How To Earn $0.00 From Writing Eight Hours a Day, Five Days a Week
There is, of course, something to be said for never giving up. But if you attain the same result year after year, screenwriters and authors, it’s time to return to basics. Five strategies follow.
Ask yourself first, “Why did I ever want to be a writer?”
If the answer is, “for the money,” you’re in the wrong business. Or, you may want to rethink your priorities. You may well become a multi-millionaire if you keep at it, but if money is your sole reason for getting in the game, for the love of all that is holy give up now.
If you began writing in the era of typewriters and have not attained your goals, you may be north of 50 but it’s not too late.
Check this out, as a reminder:
How to Be a Financially Impoverished High-Achieving Writer
I’ve promised complete candor with my Medium articles in an effort to help other writers. These are 10 steps NOT to…
I Didn’t Prepare For My Future. Now I’m a Writer Over 50.
How Desperation Became My Best Friend.
I’ve seen far too many talented people give up on their literary aspirations because they went into it without managed expectations.
If only their voices were heard today.
There is a whirlwind of difference between excessive expectations and managing expectations.
- Excessive Expectations is a negative only if a writer has no plan on getting to where they want or need to be. There is nothing wrong with shooting for the stars and landing among the clouds if the work is done smartly. Ambition, drive, and persistence are a high achievers’ closest friends, but far too many writers place emphasis on quantity of work, as opposed to quality. Marrying both is key. Daily practice your craft, daily deliver, and always learn about your business.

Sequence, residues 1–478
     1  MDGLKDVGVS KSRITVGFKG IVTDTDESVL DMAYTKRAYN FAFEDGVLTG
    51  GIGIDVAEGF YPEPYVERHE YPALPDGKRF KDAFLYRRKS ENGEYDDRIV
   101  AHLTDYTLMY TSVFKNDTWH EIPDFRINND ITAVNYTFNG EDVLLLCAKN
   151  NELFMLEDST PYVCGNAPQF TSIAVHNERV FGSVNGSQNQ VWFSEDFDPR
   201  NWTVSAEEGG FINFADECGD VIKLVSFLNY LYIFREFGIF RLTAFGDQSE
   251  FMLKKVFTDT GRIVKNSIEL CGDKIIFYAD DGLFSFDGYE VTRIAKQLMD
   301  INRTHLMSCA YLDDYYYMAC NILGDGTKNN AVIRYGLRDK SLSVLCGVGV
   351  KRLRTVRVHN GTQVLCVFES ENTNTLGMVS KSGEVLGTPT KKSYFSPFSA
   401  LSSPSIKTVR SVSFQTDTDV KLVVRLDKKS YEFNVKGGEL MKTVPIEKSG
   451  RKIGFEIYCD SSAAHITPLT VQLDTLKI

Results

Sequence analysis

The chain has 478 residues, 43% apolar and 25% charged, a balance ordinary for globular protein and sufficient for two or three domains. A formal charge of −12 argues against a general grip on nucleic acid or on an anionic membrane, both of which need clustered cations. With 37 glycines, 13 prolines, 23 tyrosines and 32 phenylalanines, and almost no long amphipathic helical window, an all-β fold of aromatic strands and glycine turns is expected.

The following three articles were written with the intent of helping writers become business smart. The first applies to both authors and screenwriters; the second and third apply to screenwriters:
Writers, You Are Wasting Your Time Looking for an Agent.
You are the asset. A strong agent will find you but only when you’re ready.
10 Insider Realities of the Movie and Television Businesses They Don’t Teach in School
You can make a fortune. You can also pull your hair out of your head.
10 MORE Insider Realities of the Movie and Television Businesses They Don’t Teach In School
My first sequel.
- Managing Expectations should be part and parcel of every writer’s plan, regardless of present level of achievement. The entertainment and publishing businesses are strange beasts. In certain ways they are not unlike any other profit-driven industry. In other ways, creative-driven businesses require a certain mutual degree of managing expectations. A writer may not deliver as expected, and the company for which he or she is actively writing or targeting may not feel right.
A writer must be savvy at all times to manage expectations of a potential readership, a targeted company, and responsibilities endemic to his or her own creativity.
Otherwise, you will write and you will write … and earn as much money as you would from posting on Instagram:
5 Overseen Writer Strategies to Break Out of the “No Money” Rut
It is a rut. Why?
Because earning no money from your writing efforts is only temporary if you smarten up.